Miss Ryan's eyes revolved almost in different directions

Wednesday, 18 July, 2007

Ministers are still claiming, with rising hysteria, that they are going to press ahead with ID cards. John Reid, Home Secretary, chose not to be drawn into the matter yesterday. Far too canny for that.

Instead he left ID cards to the least convincing of his ministerial colleagues, Joan Ryan. I say "least convincing" to be kind. She is terrible. As bad as I have seen.

Well-informed people at Westminster say that ID cards are never going to happen. It is suggested that Gordon Brown has put the kybosh on them, partly for money reasons, though that has never stopped him wasting Treasury billions before.

Mr Brown may also feel indisposed to ID cards because they would be run by the Home Secretary, Mr Reid. Whom Mr Brown hates. Girls, girls!

Tony Blair on Sunday came over all PMT-ish (Prime Ministerial Tension, since you ask) when asked about ID cards. He insisted, eyes blazing with defiance, that the scheme was not being dumped. So that has to be the "line".

Ministers have to repeat Mr Blair's assertion, even though they suspect it may well be tosh. The "line" must be defended. The "line" is everything. Which inspiring sequence of events brings us to Miss Ryan.

Tall as a second storey drainpipe, she clutches hold of her briefing folder rather as a toddler cuddles its security blanket or a well-chewed teddy bear.

Really, one should not mock, for Parliament is a serious place and ID cards, or the ludicrous sums of money they will cost, should not be a matter for comedy. It is, however, impossible to take Miss Ryan seriously.

She arrived recently at the Home Department from the Whips' Office. The great thing about being a Whip is that you never have to speak at the despatch box. Whips do not debate. They menace. They torture. But they do not speak on the floor of the Commons. If they did, backbenchers might mock them and they might lose face.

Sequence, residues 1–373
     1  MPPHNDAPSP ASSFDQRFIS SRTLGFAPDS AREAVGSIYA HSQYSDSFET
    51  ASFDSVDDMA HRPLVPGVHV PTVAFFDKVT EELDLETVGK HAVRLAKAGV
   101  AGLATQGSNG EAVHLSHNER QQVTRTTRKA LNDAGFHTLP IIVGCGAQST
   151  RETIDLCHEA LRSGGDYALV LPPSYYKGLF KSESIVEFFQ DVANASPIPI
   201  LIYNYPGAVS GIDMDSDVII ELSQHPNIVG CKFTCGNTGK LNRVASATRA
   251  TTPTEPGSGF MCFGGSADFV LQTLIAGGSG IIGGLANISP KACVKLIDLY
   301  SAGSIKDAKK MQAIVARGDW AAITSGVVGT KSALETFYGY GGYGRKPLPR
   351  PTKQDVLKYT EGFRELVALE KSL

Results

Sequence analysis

This means that Miss Ryan, who entered Parliament in 1997, has been little tested as a debater. Her quickness of wit, smoothness of delivery, the serenity of self-confidence as she stands there in front of a doubting, scornful House - all these have gone undeveloped.

Anne McIntosh (Con, Vale of York) had raised "identity theft". Miss McIntosh was raising a constituent's problems. She does this sort of thing well. Miss Ryan managed to find an answer of sorts.

But then David Ruffley (Con, Bury St Edmunds) stepped in and broadened the discussion out to ID cards in general. At which point, had Miss Ryan been a bicycle tyre, she would have emitted a "pfffft" and gone flat.

"In which year will ID cards be introduced?" asked Mr Ruffley, who is brilliant at lacing his questions with rancour. He could make even a casual call to National Rail Enquiries sound like a QC's cross-examination.

Miss Ryan started to bluster, waffle and throw out chaff. Eventually she stumbled across the date of 2008 and said it angrily. "I would repeat, 2008!" she cried. The House laughed.

David Davis, shadow Home Secretary, was soon on his suave soles. He noted that the Government, in its pro-ID cards propaganda, claimed that ID cards would save banks £504.8million. The banks themselves say the figure is more like £37million. Which is right?

Miss Ryan's eyes revolved almost in different directions. "ID fraud is a growing crime," she said. "It costs a great deal of money. It is a scourge and an affliction to our society."

By now she was blushing so hard that her reddening skull was visible through her blonde hair. She told Mr Davis that he should explain what his policies were, rather than asking the Government such questions. Er. No. I don't think that's the point of Parliament at all, dear heart.

By the time Miss Ryan sat down she was quivering, visibly. Labour backbenchers looked on in quiet horror. Mr Davis chuckled. Mr Reid did not move.